It is necessary to deal first with the question of the timing of the motions, then with the issue of plaintiff's standing and other jurisdictional questions, and finally with the particular motions of the several parties.
The government relies on the provision of F.R. Civ. P. 12(a) that the United States or an officer or agency thereof has sixty days "after the service upon the United States attorney of the pleading" within which to answer a complaint.
Rule 56, however, provides that a party may move for summary judgment "at any time after the expiration of 20 days from the commencement of the action." Plaintiff's motion for summary judgment was served 21 days after the complaint was filed.
The difference between the two rules is significant. The time is computed in different ways. Since an action is commenced under F.R. Civ. P. 3 by the filing of a complaint, regardless of the time when it is served, the measure of time in Rule 56 is unrelated to the time in Rule 12. Moreover, Rule 56 does not provide for a longer time before a motion can be made against a government agency than one against a private party.
Judge Charles E. Clark, a distinguished authority on procedure, criticized the original federal rule for not permitting the filing of a motion for summary judgment as soon as an action is brought. See his dissent in United States v. Adler's Creamery, Inc., 107 F.2d 987, 992 (2d Cir. 1939). The 1946 amendment, which permitted a motion for summary judgment in advance of answer, should be interpreted in a manner to expedite the disposition of litigation. There is no need to impart into it the 60-day period for government answer that was specified in old Rule 12. A plaintiff moving for summary judgment before answer may be required to face a somewhat higher standard, however. As Professor Moore has suggested, a motion before answer should not be granted "unless it is clear that an issue of material fact cannot be presented." 6 Moore's Federal Practice (2d ed. 1948, 1972) Para. 56.07, p. 2092.
There has never been any requirement of any delay in the consideration of a preliminary injunction in an action against a United States officer or agency, except as the court in its discretion may find to be appropriate.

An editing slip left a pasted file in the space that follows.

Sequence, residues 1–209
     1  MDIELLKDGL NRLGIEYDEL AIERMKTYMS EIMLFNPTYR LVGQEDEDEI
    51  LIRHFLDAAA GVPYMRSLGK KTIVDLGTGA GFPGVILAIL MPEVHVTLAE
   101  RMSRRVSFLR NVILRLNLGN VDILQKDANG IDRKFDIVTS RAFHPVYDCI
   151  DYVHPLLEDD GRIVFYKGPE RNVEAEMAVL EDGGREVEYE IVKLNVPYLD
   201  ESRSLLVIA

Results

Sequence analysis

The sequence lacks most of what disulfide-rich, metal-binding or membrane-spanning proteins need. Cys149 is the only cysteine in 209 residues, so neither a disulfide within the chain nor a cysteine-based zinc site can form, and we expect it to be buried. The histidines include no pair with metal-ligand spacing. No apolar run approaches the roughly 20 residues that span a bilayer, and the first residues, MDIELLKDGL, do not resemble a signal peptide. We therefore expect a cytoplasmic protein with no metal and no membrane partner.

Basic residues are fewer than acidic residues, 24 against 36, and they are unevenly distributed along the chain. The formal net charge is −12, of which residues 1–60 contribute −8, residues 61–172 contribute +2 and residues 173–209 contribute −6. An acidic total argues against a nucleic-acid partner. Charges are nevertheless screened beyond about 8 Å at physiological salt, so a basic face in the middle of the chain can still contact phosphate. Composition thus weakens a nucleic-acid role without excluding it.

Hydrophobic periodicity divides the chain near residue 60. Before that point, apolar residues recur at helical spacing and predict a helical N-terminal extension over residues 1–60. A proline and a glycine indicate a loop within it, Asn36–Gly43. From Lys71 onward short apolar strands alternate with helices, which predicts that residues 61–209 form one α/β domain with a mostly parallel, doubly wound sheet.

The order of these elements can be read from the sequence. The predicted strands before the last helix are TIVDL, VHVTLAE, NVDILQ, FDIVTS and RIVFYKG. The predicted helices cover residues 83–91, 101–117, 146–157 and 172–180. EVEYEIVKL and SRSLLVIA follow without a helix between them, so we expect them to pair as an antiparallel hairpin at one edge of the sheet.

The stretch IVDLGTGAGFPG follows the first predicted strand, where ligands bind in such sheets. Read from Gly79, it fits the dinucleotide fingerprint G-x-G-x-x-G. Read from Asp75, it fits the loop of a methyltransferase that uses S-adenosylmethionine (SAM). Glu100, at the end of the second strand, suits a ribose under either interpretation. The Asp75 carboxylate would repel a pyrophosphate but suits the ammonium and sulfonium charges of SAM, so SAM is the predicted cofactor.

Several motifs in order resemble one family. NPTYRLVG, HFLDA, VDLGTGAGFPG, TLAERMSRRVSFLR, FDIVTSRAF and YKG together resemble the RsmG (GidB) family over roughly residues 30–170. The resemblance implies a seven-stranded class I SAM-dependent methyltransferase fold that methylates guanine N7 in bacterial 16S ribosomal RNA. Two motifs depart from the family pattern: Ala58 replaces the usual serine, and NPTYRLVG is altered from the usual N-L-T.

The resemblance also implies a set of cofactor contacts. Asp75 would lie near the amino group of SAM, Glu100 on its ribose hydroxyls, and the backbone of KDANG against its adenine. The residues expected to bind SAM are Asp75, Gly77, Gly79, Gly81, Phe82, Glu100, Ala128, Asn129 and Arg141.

The court therefore rejects the argument that the motion for summary judgment was premature.
Defendants' Motion to Dismiss
Defendants' three grounds for this motion to dismiss are all essentially jurisdictional, whether described as relating to standing, subject matter, or political question.
Under Article III, § 2, Clause 1, of the Constitution, the jurisdiction of federal courts is limited to "cases" and "controversies." Judicial definitions of the elements requisite for "cases" and "controversies" have proved to be elusive.
Unlike case or controversy, terms specifically enumerated in Article III, "standing" is not mentioned in the Constitution. It received its first full expression in Frothingham v. Mellon, 262 U.S. 447, 43 S. Ct. 597, 67 L. Ed. 1078 (1923).
Later, in Flast v. Cohen, 392 U.S. 83, 88 S. Ct. 1942, 20 L. Ed. 2d 947 (1968), the Court stated that political questions, advisory opinions, and lack of standing result in there being no justiciable controversy. Whether standing is denominated a component of jurisdiction or of justiciability may at first blush seem unimportant, due to the requirement that both issues must be resolved before any determination can be made of the merits of the controversy. Baker v. Carr, 369 U.S. 186, 82 S. Ct. 691, 7 L. Ed. 2d 663 (1962); DaCosta v. Laird, 471 F.2d 1146 (2d Cir. 1973). However, a complaint may be dismissed for lack of jurisdiction of the subject matter only if the claim is so attenuated and insubstantial as to be absolutely devoid of merit. Newburyport Water Co. v. Newburyport, 193 U.S. 561, 24 S. Ct. 553, 48 L. Ed. 795 (1904); Baker v. Carr, supra.
Plaintiff has raised a serious constitutional question dealing with the war-making power of Congress enumerated in Article I, § 8 of the Constitution. The seriousness of this question has been recognized repeatedly within this circuit. Berk v. Laird, 429 F.2d 302 (2d Cir. 1970); Orlando v. Laird, 443 F.2d 1039 (2d Cir. 1971). The delicate balance in the relationship between Congress and the President concerning the power to wage war is a controversy arising under the Constitution and therefore within the jurisdiction of this court. 28 U.S.C. § 1331(a).
Whether a particular party has a sufficient stake in an otherwise justiciable controversy to obtain judicial resolution of it is what has traditionally been referred to as the question of standing to sue. In Sierra Club v. Morton, 405 U.S. 727, 732, 92 S. Ct. 1361, 1364, 31 L. Ed. 2d 636 (1972), the Supreme Court held that when a party, such as the plaintiff here, does not rely on any specific statute authorizing invocation of the judicial process,